Protesters in Brunswick, Georgia on June 4 after a court appearance by Gregory and Travis McMichael, who were arrested on charges of murder and aggravated assault. Photo: Sean Rayford/Getty Images

Georgia's legislature voted 127-38 on Tuesday to pass a bill requiring police officers to document when someone is subjected to a hate crime on the basis of race, sexual orientation, gender identity, disability, religion or national origin.

The big picture, via the Wall Street Journal: Georgia has been weighing the passage of a hate crimes law for two decades.

Updated Jun 19, 2020 - Axios Events

Watch: A conversation to commemorate Juneteenth

On Friday, June 19, Axios' markets reporter Dion Rabouin hosted a discussion on the history of Juneteenth and the current nationwide protests against police violence, featuring former Obama advisor Valerie Jarrett, Houston Mayor Sylvester Turner, BET founder Robert Johnson and activist DeRay Mckesson.

Robert Johnson discussed the history of Juneteenth and his advocacy around reparations.

  • On reparations and race relations: "Reparations is a demand on the part of African-Americans that we be made whole for the wealth that was stolen from slaves over a 300 year period...My position is that white America should recognize the debt and black Americans should be proud to accept the atonement."
  • How slavery laid the foundation for racial income inequality: "It is no secret that the net income of a white family is $170,000 on average. The net income of a black family is $17,000. That 10-fold disparity can be traced directly back to the wealth transfer that started with slave labor."

Mayor Sylvester Turner focused on policy decisions around policing in Houston, and responded to calls for defunding the police.

  • On his decision to increase police funding: "We need policing. [People] are asking for good policing. They're asking for a policing system that's accountable. They're also going beyond that...They want to be investing in communities and neighborhoods that have been overlooked and under invested in for decades."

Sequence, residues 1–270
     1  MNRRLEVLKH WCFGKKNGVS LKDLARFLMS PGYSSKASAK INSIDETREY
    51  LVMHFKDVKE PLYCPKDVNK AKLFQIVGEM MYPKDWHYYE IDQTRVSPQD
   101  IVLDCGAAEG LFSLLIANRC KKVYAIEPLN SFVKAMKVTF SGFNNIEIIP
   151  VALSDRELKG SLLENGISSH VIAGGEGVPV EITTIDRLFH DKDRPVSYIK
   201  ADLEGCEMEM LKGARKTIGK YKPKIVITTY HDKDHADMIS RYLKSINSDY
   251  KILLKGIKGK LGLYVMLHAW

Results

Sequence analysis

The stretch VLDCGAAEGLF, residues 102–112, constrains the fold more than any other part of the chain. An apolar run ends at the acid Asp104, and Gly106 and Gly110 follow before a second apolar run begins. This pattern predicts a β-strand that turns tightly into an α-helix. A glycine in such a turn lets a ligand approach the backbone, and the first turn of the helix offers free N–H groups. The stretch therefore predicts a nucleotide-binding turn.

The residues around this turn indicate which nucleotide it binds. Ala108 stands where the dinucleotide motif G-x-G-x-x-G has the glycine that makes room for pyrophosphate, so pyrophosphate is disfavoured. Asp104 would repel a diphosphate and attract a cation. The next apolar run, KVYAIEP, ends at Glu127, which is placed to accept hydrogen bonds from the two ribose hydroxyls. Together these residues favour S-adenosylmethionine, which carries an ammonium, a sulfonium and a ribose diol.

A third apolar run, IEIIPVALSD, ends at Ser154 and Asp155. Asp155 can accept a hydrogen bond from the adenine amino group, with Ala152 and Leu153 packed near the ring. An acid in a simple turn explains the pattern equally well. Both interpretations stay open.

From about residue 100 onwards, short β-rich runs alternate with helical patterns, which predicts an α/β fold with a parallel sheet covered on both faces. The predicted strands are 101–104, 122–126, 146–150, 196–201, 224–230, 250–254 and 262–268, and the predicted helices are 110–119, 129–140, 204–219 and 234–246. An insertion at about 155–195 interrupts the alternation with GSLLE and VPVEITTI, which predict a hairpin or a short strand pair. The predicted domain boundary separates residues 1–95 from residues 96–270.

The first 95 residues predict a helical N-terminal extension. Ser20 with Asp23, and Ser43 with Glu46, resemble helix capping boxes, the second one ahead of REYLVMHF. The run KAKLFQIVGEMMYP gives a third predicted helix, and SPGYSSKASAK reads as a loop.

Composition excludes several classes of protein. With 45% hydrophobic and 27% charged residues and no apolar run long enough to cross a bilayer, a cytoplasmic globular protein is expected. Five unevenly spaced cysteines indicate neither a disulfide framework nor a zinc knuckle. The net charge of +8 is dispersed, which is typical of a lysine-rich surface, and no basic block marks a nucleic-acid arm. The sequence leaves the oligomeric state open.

Valerie Jarrett discussed the ongoing demonstrations around the country and the upcoming election in November.

  • On the importance of civil rights during this political moment: "We need a robust civil rights division...in deciding how you want to vote, you should say, are the people who are in office actually worrying about the civil rights of all Americans and not just some Americans?"
  • On how to make cultural progress: "It's not good enough to just say, 'Look, I'm not a racist.' What you have to say is: 'What am I going to do to help change our culture, to make it better?' There's something that we can all do individually. There's certainly something the business community can do."

DeRay Mckesson highlighted how the present moment invites people to reimagine the concept of safety.

  • "The question is not police, no police. The question is like, how do I stay safe and what does safety look like? The police are not the best answer to that. The police aren't the only answer to that. And the police shouldn't be the answer that we fund when we think of that question."

Thank you Bank of America for sponsoring this event.